After the nested PCR, VP1 amplicons are sequenced using the Oxford Nanopore Technologies platforms. While the sequencing can be done with any Oxford Nanopore devices, Shaw said the consortium has mainly used the MinIon and the GridIon so far.

Post-sequencing, raw reads are demultiplexed based on sample barcodes and mapped to a poliovirus reference database using the open-source RAMPART software that was previously developed by Andrew Rambaut's group, another collaborating team for the consortium, at the University of Edinburgh. A custom module named realtime-polio is further deployed to generate consensus sequences and identifies mutations in comparison to reference strains.

Shaw said the entire DDNS workflow, from sample to sequence, can be executed in about two days, significantly truncating the detection turnaround time for poliovirus compared with the traditional method. The reagent and sequencing kit cost is about $16 per sample, he added.

Compared with other sequencing modalities, Shaw pointed out a few advantages of nanopore sequencing for detecting poliovirus. For one, he said, the technology's ability to sequence the entire VP1 region, which is crucial for vaccine responses, in a single read is "very handy." Especially for environmental samples, he explained, short-read sequencing might have trouble getting the correct consensus sequence of the sample, given that there are multiple highly related viruses, which is typically the case with sewage.

In addition, Shaw said the relatively low upfront investment and overhead costs for nanopore sequencing make the technology more accessible to many labs, bringing sequencing capabilities to countries that previously did not have them. "You can set up a nanopore sequencing facility with a MinIon very cheaply," he said. "It doesn't [require] quite the same upfront investment that other technologies would."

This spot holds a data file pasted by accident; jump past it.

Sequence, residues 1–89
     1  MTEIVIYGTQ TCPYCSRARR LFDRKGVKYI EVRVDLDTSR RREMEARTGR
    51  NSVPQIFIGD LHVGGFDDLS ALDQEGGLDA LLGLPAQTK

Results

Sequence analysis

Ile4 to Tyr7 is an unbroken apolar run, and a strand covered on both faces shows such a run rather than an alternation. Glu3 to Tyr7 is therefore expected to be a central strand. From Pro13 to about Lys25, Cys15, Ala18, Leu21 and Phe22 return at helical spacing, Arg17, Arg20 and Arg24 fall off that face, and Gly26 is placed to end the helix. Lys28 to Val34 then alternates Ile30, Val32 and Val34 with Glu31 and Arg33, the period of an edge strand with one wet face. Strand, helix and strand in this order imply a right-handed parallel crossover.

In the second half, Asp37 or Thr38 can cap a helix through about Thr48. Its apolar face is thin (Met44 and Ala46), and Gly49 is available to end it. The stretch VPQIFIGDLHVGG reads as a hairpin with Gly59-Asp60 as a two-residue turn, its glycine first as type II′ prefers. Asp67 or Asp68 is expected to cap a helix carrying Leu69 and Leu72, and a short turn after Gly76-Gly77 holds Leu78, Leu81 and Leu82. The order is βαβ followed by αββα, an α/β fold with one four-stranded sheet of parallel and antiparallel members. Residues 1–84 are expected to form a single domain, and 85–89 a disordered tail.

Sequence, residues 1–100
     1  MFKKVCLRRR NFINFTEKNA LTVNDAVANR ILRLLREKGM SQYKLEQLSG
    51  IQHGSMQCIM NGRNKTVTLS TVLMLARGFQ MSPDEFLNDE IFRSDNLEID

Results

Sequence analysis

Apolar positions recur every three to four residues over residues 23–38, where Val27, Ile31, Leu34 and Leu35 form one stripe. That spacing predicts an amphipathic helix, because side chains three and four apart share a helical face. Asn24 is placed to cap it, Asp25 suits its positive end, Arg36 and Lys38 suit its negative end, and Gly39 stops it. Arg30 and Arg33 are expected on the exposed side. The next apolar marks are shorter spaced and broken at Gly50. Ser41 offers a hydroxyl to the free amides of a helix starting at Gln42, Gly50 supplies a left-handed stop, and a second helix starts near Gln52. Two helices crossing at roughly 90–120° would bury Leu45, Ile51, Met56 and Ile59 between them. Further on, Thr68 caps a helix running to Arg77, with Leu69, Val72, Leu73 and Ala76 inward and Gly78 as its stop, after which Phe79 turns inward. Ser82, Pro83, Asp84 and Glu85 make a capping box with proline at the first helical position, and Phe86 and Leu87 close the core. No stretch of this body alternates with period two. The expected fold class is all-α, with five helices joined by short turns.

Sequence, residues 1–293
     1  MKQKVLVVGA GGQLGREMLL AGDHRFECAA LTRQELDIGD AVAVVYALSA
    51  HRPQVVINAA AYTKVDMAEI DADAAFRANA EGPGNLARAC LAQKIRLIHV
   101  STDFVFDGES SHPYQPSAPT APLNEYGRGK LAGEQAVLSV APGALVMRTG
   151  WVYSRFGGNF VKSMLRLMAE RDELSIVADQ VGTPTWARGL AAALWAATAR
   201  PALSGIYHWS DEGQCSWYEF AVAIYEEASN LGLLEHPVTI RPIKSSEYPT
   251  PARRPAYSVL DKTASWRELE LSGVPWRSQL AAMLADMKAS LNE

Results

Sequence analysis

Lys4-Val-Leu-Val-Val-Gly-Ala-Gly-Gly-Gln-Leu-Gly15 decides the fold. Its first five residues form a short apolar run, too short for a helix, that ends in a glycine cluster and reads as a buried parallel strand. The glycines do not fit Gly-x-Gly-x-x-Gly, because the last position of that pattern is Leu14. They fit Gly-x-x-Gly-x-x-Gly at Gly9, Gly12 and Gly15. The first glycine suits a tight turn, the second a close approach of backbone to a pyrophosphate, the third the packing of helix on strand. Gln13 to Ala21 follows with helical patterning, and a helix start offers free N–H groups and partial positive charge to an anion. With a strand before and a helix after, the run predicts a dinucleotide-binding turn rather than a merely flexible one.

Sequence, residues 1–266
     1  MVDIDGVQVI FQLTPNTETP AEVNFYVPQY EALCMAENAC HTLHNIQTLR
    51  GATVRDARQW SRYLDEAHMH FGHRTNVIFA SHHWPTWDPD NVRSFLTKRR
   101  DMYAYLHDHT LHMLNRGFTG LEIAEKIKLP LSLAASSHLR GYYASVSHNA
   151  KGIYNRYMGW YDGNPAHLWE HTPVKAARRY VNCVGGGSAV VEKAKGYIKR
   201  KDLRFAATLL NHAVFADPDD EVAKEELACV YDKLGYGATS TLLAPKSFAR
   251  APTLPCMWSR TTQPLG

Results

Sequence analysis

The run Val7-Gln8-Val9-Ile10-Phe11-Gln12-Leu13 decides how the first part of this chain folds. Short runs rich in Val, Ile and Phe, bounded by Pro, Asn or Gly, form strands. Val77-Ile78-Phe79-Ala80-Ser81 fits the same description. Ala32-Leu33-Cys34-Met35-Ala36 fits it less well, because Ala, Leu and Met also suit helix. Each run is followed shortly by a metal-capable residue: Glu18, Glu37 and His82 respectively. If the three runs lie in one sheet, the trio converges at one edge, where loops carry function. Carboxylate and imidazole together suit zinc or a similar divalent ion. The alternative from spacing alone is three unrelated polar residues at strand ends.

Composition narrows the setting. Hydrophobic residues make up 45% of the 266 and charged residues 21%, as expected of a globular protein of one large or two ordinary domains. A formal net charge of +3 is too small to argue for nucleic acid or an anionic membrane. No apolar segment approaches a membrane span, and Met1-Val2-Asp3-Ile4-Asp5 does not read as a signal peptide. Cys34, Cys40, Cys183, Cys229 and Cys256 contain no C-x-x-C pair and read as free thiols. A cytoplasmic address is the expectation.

To benchmark the performance of DDNS, the consortium compared the method with the standard culture-based approach through prospective testing at its collaborating site INRB, a GPLN lab in Congo.

Presenting preliminary data at a webinar hosted by Oxford Nanopore in June, Shaw said the more than 2,300 prospective samples tested at INRB using DDNS or cell culture in parallel showed that the two methods have comparable sensitivity and specificity.

Specifically, he pointed out that of the 27 poliovirus-positive samples detected and sequenced using both DDNs and cell culture paired with Sanger sequencing, the median time between stool collection and the generation of a sequence was 36 days for cell culture versus 14 days for DDNS. In addition, he showed that DDNS was able to confirm three VDPV2 outbreaks during the study period 23 days earlier than the culture-based method.

Despite the promising results, Shaw also noted some challenges that the team needs to overcome in order to further drive the adoption of DDNS, especially in low-resource countries. One of these is the supply of reagents. "Getting the kits out to these countries can be very challenging," he said. "There is definitely a need to improve the shipping of the reagents and kits, so we can actually get them to the labs where they are needed."

Another obstacle, he said, is the lack of mature sequencing IT infrastructure in some of these countries. "We are hoping to work with the labs that we train trying to develop abilities in this area," he said, "so they can process their own data, store it, share it, and publish it."

Moving forward, Shaw said the consortium will continue to optimize the DDNS method and its analysis pipeline to better cope with environmental samples harboring multiple closely related virus species. As Oxford Nanopore continues to roll out new sequencing chemistries, Shaw said the team will make updates on the method's protocols, adding that it has observed improved accuracy for the raw reads with the evolution of Oxford Nanopore's reagents and software.

Moreover, Shaw said, the consortium will work to train more labs across the globe on how to use DDNS in order to further drive adoption of the method.

"The hope in the long run would be that [DDNS] gets adopted by the GPLN, so that labs take this on themselves," he said.